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As labor conditions continue to moderate, what will it mean for inflation and the Fed?

March 21, 2024 / 2 min read

Labor demand continues to slow, reflecting a normalization from the extreme swings experienced during the height of the economic disruption caused by the pandemic.

Labor market trending toward better balance chart illustration

It wasn’t all that long ago that the term “V-shaped recovery” served as a vivid descriptor of the economy’s reopening following pandemic-era shutdowns. The chart above illustrates this well, specifically as it relates to labor demand and supply. A sharp cratering in demand for labor occurred amid wide uncertainty around in-person commerce, which subsequently rocketed back higher as the U.S. economy reopened.

Job openings reached an all-time high of 12 million in March 2022, contributing to the largest excess demand for labor in at least 25 years. The labor market has served as the centerpiece to an economy that’s continued to defy consensus expectations for a slowdown. Put another way, the persistence of more job openings than available workers validates the strength of the economy and business conviction in that strength.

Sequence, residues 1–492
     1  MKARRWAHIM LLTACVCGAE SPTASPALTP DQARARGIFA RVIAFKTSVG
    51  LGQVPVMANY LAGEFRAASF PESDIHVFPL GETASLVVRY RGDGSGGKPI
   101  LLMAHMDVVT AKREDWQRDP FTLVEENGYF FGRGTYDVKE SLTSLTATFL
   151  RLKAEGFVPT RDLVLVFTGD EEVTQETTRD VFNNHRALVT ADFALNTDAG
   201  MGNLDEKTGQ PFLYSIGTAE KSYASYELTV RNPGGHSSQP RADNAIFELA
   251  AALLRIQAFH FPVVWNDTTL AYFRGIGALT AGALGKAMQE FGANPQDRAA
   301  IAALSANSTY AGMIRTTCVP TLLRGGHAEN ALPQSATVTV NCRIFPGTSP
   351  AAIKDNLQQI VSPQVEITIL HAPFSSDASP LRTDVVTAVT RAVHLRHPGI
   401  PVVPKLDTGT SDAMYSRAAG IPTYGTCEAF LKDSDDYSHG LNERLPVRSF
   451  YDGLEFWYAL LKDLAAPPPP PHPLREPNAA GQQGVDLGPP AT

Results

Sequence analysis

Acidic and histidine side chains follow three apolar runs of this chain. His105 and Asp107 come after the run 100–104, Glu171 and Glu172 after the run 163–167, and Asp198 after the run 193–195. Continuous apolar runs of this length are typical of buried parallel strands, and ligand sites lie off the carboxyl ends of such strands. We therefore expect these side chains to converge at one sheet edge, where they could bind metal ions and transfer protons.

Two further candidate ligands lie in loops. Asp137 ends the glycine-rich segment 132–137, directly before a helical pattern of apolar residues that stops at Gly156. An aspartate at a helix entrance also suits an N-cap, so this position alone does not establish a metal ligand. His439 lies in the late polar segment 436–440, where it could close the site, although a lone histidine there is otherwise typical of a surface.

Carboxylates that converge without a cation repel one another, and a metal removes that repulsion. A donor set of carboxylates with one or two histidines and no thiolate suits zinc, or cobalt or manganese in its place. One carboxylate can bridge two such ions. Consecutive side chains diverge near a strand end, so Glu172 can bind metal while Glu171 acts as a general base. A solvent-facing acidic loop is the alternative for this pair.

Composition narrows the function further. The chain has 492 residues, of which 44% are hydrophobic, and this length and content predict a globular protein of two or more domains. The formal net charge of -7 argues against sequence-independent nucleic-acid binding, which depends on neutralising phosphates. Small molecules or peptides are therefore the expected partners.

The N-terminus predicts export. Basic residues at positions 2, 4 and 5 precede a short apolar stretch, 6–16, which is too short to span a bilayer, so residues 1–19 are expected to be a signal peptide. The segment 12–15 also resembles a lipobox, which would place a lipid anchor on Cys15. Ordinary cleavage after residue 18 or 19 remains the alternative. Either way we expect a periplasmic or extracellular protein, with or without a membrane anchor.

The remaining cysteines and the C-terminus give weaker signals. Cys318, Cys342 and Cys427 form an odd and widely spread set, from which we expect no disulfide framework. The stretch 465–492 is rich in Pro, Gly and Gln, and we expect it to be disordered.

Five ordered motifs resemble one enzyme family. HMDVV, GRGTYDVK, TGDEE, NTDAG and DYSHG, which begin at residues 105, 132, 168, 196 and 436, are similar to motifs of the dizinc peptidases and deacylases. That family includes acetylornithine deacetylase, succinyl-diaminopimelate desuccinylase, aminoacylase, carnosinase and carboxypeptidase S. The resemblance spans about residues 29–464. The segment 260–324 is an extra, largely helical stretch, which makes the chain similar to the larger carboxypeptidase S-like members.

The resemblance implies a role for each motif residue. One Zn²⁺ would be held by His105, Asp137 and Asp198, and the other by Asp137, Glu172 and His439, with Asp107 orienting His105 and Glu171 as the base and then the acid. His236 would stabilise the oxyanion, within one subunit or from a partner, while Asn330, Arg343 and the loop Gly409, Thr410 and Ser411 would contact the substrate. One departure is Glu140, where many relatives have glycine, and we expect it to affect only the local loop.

The trend matters though; job openings have receded for nearly two years. And although they’re still above the peak in the prior expansion, a better balance between labor supply and demand is evident. Additionally, recent signs of stronger productivity gains have emerged. Combined, both developments could help to alleviate the inflationary impact of wage growth over time, as discussed in our associated piece.

What’s the bottom line? The Federal Reserve’s dual mandate of stable prices and full employment are often intertwined. Further normalization in labor market conditions is a welcome development that should help to allay inflation concerns, even if wage growth remains elevated for now.

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